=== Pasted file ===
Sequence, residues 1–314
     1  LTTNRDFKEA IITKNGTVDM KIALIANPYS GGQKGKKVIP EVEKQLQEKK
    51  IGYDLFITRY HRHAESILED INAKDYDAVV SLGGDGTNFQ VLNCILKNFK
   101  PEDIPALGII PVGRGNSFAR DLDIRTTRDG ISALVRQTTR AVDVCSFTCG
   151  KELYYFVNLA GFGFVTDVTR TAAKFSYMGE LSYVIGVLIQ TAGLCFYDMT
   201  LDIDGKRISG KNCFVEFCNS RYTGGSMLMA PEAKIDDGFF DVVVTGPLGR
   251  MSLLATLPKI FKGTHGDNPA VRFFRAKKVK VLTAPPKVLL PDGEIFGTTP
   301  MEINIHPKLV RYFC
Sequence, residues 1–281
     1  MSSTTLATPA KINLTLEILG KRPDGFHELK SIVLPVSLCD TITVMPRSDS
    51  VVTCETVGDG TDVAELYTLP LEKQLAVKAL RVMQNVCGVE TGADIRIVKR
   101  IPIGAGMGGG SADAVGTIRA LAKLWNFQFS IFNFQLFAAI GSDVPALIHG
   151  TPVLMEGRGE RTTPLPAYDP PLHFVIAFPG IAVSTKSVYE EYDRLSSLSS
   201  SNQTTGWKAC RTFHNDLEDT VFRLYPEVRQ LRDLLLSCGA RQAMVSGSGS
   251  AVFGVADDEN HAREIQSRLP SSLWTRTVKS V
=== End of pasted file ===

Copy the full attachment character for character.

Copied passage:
Sequence, residues 1–314
     1  LTTNRDFKEA IITKNGTVDM KIALIANPYS GGQKGKKVIP EVEKQLQEKK
    51  IGYDLFITRY HRHAESILED INAKDYDAVV SLGGDGTNFQ VLNCILKNFK
   101  PEDIPALGII PVGRGNSFAR DLDIRTTRDG ISALVRQTTR AVDVCSFTCG
   151  KELYYFVNLA GFGFVTDVTR TAAKFSYMGE LSYVIGVLIQ TAGLCFYDMT
   201  LDIDGKRISG KNCFVEFCNS RYTGGSMLMA PEAKIDDGFF DVVVTGPLGR
   251  MSLLATLPKI FKGTHGDNPA VRFFRAKKVK VLTAPPKVLL PDGEIFGTTP
   301  MEINIHPKLV RYFC
Sequence, residues 1–281
     1  MSSTTLATPA KINLTLEILG KRPDGFHELK SIVLPVSLCD TITVMPRSDS
    51  VVTCETVGDG TDVAELYTLP LEKQLAVKAL RVMQNVCGVE TGADIRIVKR
   101  IPIGAGMGGG SADAVGTIRA LAKLWNFQFS IFNFQLFAAI GSDVPALIHG
   151  TPVLMEGRGE RTTPLPAYDP PLHFVIAFPG IAVSTKSVYE EYDRLSSLSS
   201  SNQTTGWKAC RTFHNDLEDT VFRLYPEVRQ LRDLLLSCGA RQAMVSGSGS
   251  AVFGVADDEN HAREIQSRLP SSLWTRTVKS V